Foreign investors flocked to Myanmar as it began its democratic transition a decade ago, but this week's military coup is likely to accelerate a trend of Western withdrawal -- and China's expansion.
Myanmar's untapped potential was up for grabs in 2011, when generals in charge of a 49-year junta loosened their iron grip, paving the way for democratic reforms and economic liberalisation in the country of more than 50 million people.
Investors pumped money into telecommunications, infrastructure, manufacturing and construction projects.
But the buzz was already fading by 2017 for the West, after a military crackdown on Rohingya Muslims in Rakhine state led to allegations of genocide.
And the sight of generals running the show again could be the last straw for Western businesses, analysts say.
"Now with the coup, the view would be: basket case, banana republic," Yangon-based analyst David Mathieson told AFP. "I think what we are going to see is a lot of Western countries going 'No way.'"
Panic over the return to military rule was immediate.
The response reverberated from the outskirts of Yangon -- where construction work halted on a Thai-owned $1 billion industrial estate project -- to Australia, where a Perth-based resources company developing a silver, zinc and lead mine in Shan State suspended share-trading.
Garment sector fears
In the coup's immediate aftermath, US President Joe Biden threatened to reintroduce economic sanctions that were formally removed in 2016.
Some targeted sanctions were imposed on key Myanmar military personnel over the 2017 Rohingya crisis.
And as the European Union considers an economic embargo, the country's rag trade industry could be at risk.
The garment sector has boomed in recent years, bolstered by scores of international brands such as H&M, Gap and Adidas, which shifted their production to factories in Yangon's outskirts.
According to Singapore-based Capital Economics, Made-in-Myanmar clothing, footwear and handbags make up three percent of the country's gross domestic product.
But with the military back in power, a Yangon-based private sector source worries for the fate of the industry's 700,000 workers.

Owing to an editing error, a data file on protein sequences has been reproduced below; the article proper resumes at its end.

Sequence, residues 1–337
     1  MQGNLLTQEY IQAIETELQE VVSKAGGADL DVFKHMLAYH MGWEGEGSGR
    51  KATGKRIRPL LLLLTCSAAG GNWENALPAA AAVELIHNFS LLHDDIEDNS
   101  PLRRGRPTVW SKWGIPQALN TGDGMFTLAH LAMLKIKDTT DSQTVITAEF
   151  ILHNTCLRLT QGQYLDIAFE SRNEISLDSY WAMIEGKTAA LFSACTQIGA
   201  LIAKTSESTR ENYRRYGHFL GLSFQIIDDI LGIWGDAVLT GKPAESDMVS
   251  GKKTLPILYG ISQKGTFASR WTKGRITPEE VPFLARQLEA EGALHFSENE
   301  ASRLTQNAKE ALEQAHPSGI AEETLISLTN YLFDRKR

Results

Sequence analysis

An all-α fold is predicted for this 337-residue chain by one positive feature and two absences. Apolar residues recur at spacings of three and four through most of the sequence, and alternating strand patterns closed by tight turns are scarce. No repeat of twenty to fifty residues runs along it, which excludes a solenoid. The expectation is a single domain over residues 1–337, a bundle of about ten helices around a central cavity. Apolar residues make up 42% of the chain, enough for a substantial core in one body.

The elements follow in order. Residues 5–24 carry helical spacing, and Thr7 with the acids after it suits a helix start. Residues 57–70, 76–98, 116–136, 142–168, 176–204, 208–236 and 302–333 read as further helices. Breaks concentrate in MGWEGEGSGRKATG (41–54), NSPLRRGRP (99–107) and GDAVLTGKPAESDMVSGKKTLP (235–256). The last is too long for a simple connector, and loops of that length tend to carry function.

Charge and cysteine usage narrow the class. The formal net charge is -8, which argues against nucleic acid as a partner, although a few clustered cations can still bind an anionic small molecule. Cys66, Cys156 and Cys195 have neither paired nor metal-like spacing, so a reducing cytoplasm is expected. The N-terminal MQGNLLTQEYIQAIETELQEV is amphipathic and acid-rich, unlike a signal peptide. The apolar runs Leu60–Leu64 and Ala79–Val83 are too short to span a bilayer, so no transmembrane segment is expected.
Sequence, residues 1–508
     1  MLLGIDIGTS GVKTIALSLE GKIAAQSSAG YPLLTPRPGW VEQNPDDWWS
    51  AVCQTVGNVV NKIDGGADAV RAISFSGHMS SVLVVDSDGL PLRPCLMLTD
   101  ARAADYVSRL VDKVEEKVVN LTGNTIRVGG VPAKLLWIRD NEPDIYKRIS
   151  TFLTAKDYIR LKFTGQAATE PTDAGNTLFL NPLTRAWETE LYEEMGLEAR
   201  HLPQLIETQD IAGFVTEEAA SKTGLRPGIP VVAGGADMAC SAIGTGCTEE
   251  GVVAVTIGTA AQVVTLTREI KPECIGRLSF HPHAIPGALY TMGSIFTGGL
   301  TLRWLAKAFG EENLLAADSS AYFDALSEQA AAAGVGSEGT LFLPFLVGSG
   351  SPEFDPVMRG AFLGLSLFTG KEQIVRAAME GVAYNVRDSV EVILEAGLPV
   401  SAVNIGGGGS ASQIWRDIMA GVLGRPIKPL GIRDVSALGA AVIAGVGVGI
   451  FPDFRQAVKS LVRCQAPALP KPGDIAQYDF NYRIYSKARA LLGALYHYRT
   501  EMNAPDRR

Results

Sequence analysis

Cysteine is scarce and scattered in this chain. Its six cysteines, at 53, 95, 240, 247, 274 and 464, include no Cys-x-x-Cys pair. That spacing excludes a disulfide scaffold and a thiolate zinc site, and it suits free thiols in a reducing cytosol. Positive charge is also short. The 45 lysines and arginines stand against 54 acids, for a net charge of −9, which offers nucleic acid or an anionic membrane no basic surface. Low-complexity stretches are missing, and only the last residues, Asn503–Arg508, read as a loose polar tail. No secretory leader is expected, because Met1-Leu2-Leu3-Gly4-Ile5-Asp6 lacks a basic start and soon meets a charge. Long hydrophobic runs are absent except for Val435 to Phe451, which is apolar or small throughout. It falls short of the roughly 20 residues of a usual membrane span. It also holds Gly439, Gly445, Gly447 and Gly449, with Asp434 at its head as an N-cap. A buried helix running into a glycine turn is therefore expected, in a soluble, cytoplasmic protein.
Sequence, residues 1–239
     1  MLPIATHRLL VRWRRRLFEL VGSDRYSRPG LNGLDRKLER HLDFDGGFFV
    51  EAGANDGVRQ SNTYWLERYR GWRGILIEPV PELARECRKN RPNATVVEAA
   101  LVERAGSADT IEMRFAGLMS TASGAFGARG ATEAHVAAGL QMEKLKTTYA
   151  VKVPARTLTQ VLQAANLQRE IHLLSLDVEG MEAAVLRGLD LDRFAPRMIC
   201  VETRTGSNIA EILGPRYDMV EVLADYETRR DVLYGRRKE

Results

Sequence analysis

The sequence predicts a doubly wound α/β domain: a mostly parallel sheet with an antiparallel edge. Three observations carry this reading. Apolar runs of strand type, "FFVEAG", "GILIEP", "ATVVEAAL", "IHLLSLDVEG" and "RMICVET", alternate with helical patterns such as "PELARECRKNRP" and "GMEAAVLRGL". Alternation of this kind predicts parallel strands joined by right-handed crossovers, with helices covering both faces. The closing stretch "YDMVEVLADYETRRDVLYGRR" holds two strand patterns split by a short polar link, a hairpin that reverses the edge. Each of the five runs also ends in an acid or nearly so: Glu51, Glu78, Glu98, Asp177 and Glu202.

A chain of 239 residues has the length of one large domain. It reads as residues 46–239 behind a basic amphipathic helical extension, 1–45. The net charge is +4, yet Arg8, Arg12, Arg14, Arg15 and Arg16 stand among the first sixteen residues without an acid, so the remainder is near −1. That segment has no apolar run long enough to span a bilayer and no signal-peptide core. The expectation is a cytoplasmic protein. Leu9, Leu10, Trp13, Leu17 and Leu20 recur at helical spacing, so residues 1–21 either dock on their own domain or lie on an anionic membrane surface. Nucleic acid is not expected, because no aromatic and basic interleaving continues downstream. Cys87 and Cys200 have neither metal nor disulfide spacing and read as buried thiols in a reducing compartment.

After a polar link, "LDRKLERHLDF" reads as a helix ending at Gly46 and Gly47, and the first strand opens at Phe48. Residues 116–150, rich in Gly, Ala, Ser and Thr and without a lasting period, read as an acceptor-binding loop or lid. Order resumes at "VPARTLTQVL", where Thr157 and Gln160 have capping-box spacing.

Global heavyweight clothing retailers might look for a "PR bounce" and halt sourcing from Myanmar's factories, he said, requesting anonymity owing to the sensitivity of the issue.
But the unintended impact could be "malnutrition and sex-trafficking" for the mostly female workers.
"The people who are going to suffer are the factory workers... Brash actions from multinational retailers are going to hit them hard," he told AFP.
Already, the country is reeling from the difficult economic headwinds of the coronavirus pandemic, prompting the International Monetary Fund to send Myanmar a $350 million emergency cash package in January.
The World Bank predicted the virus' impact could increase "households' vulnerability and potential unemployment".
"Myanmar could lose the gains in poverty reduction achieved in the last decade," it said in a report last year.
Business as usual for some
But for some of Myanmar's top trading partners -- China, Hong Kong, Singapore and India -- analysts predict no major blowback.
If anything, "the coup will push Myanmar even further into China's arms and the imbalance between Chinese and Western investments in the country will increase", Francoise Nicolas, Asia director of the French Institute of International Relations, told AFP.
China's monetary flex is already apparent thanks to its "One Belt, One Road" initiative -- an expansive vision for maritime, rail and road projects across Asia, Africa and Europe that features Myanmar prominently.
"I don't think they're going to be shaken at all," Mathieson said.
However, Japan -- which ranks as Myanmar's third-largest trading partner -- could waver.
"The Japanese business community has always been a bit split and this might make it difficult in the near term," he said.
After Monday's coup, Japanese car giant Suzuki temporarily halted operations at its two Myanmar factories, which produced 13,300 vehicles in 2019 -- almost all of which were sold in-country.
Suzuki has had operations in Myanmar since 1998, when the country was under junta rule, and it is building a third production plant.
"Our decision to close the factories was aimed at making sure that our people could commute safely," a spokesman said, adding that Suzuki will reopen doors on Thursday.
The only ones celebrating a potential financial windfall from the coup will be the military, with huge business interests spanning jade mining, construction, pharmaceuticals, manufacturing, insurance, tourism and banking.
Mathieson said international mining giants, who already rely on the military for security, will likely be unruffled by the takeover.
"This is just fewer phone calls to make," he said.